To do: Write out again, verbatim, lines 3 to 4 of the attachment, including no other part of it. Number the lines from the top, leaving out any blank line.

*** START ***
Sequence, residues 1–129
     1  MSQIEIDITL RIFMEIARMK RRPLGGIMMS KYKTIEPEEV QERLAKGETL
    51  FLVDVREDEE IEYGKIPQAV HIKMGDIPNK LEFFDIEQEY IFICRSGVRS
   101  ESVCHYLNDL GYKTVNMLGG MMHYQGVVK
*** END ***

    51  FLVDVREDEE IEYGKIPQAV HIKMGDIPNK LEFFDIEQEY IFICRSGVRS
   101  ESVCHYLNDL GYKTVNMLGG MMHYQGVVK